I have a confession to make. Since TangleU, I have become a bit obsessed with pointed pen tangling. To the point (pun intended) where I have been trying to make it more portable (per a suggestion from Cherryl Moote) by converting a fountain pen. So far, I am still experimenting with this, as I’m not completely happy with how runny the ink seems, so I will be trying different things here until I like it. (Regular fountain pen ink tends to bloop up and if I am not watching it carefully, said bloop ends up on my paper…)
But, when I switched back to my regular dip pen with gouache, it seemed much better.
I am finding the Zentangle tiles a bit tricky, as they seem pretty rough and fibrous. Smoother papers work better for this. So that led me to try some Kuretake Gold Sumi Ink I had on black Artist Tile paper that I cut to a Zendala size. And what better way to practice than on this week’s Diva Challenge (#315) for a foray into Molygon. Molygon was featured on Kitchen Table Tangles with Rick & Maria on the Zentangle Mosaic App this week, and after watching the video, I thought I would give it a shot with my golden ink.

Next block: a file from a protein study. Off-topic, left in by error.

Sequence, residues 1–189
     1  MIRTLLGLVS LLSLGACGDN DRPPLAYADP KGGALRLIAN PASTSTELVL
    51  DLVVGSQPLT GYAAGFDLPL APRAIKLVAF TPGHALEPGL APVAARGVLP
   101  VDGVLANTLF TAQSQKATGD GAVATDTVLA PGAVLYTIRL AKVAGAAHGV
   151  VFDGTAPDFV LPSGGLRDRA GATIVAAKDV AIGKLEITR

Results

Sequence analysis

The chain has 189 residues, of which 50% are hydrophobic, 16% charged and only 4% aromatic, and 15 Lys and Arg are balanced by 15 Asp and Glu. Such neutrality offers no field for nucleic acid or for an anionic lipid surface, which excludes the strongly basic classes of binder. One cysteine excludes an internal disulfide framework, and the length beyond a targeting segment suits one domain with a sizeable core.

I figured to not do any shading on that, but I may go back later and try it with a gold Pan Pastel and see how that works.
I have been VERY productive busy bee this week. Not only did I get a good portion of my office cleaned up, sorted, and filed, but I finished a few things.
First up, another book from Cherryl Moote’s class at TangleU. The closure is a wooden dolphin that Elaine gave us on the last day as a reminder of the event, so I drilled some holes in him and used some muted turquoise ink to distress him a bit.
I also finished my Visigothic Versals project from the workshop we had with Risa Gettler. I think we may hold it again in the fall, so don’t feel left out.
It is a pretty big piece, so you would have to see it in person.
And today, we had a great meet up with the San Diego Tanglers Friendship group at the Bernardo Winery. Nancy Robinson, CZT, gave us a great tutorial on Zen Gems, and I made this turquoise lovely.
If you would like to see some great examples of how to draw and color these, check out this free download of Tim McCreight’s Practical Jewelry Rendering. Not only does it cover stones like this, but also cut gems, gold, silver, and pearls. And did I mention that it is free?
I did a few more in my journal as well..
And I think I really like the new Dingbatz. So much that I managed to make a giant one on a journal page I was working on in an art journal.
And in addition to all that, I drafted a new logo for the web page, but you will have to wait to see that.
Gotta get to making dinner now!